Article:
Are you curious about marine life in remote polar seas? You might want to book mark Felix Butschek's social media pages.
This year's European Rolex OWUSS 2016 / 2017 Scholar is most enthusiastic about temperate and polar marine environments. And it all started because his school was located in the spectacular coastal waters of British Columbia. Vancouver Island is a mecca for temperate water diving and one of the world's top dive destinations.
Felix grew up amid the alpine mountains of Austria in Innsbruck away from the sea. This all changed in 2009. Felix was awarded a full scholarship to complete High School in Canada at Pearson College, Vancouver Island. He chose to study a marine science class at the Lester B. Pearson College of the Pacific. He was soon scuba diving!
Felix was immediately hooked on the wonders of the marine environment, and spent every free minute at the local Race Rocks Marine Reserve, diving and sailing along the south coast of Vancouver Island. By the time he finished school Felix had attained his PADI Divemaster qualification and realised that he wanted to pursue a career in underwater science.
Following a year in social service in Austria, in 2012 Felix headed to the UK, specifically the west coast of Scotland. He joined Scottish Association for Marine Science (SAMS) and studied Marine Science with Arctic Studies. Whilst there Felix became a member of the British Sub Aqua Club, subsequently training as a BSAC assistant instructor.
During his time at SAMS he was fortunate to be part of the team that helped discover and then identify several WWII flying boats near Oban. This fascinating endeavour sparked his interest in underwater archaeology and sonar technologies. He then turned his attention to scientific diving, completing a five-week course with with the Alfred Wegener Institute for Polar and Marine Research.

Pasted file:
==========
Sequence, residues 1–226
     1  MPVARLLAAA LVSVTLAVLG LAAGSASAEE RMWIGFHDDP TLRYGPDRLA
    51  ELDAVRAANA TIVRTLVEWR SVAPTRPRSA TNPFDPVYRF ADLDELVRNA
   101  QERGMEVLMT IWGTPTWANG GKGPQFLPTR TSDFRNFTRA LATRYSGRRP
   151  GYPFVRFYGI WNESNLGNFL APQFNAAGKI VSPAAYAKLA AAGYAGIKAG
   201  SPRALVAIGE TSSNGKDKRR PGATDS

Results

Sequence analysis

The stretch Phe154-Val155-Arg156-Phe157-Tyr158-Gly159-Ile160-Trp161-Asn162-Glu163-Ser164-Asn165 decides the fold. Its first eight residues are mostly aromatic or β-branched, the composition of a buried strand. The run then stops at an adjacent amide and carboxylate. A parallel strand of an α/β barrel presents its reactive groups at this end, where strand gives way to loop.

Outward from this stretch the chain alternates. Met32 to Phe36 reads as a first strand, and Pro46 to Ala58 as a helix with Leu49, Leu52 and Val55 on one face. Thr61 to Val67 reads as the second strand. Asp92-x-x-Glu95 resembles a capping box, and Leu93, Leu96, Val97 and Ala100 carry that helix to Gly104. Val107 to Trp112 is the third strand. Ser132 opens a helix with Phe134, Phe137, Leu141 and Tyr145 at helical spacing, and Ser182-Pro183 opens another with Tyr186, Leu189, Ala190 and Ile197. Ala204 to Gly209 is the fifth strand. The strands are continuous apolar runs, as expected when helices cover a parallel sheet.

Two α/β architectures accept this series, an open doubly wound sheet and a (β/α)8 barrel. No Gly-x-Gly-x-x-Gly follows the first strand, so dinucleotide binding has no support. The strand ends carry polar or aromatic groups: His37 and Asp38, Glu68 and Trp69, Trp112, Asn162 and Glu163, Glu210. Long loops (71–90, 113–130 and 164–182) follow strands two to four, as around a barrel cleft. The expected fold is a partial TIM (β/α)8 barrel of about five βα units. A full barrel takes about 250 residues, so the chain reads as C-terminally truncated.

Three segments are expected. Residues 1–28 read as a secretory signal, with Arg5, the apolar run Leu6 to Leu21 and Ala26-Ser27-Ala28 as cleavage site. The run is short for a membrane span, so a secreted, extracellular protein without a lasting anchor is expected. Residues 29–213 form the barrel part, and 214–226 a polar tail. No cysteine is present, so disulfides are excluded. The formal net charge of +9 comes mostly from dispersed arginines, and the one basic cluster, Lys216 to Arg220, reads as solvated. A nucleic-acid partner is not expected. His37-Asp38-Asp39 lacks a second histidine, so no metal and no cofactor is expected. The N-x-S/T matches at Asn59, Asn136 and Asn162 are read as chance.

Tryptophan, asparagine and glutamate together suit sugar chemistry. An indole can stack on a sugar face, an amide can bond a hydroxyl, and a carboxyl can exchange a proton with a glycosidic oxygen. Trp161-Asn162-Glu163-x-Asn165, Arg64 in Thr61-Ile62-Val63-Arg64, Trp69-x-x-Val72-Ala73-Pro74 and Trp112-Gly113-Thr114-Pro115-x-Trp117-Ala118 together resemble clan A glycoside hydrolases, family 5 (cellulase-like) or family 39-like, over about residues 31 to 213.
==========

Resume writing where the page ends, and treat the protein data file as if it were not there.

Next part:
In 2014 - 2015 Felix spent an Erasmus exchange year on Svalbard, at 78°N in the Norwegian Arctic. The extensive fieldwork included two week-long research cruises in marine geology and biology. Consequently Felix chose to dedicate his BSc dissertation and research project to the study of climatic variability and ice sheet dynamics in an area of western Svalbard. This was because it reflected his interest in climate change from glacial-interglacial cycles to anthropogenic warming.
In January 2016, Felix participated in an advanced training course on stereo-photogrammetry with the UK National Facility for Scientific Diving. He is keen to develop 3D visualization further and apply it to study and to convey the natural beauty of the marine environment and share his passion for the remote polar seas.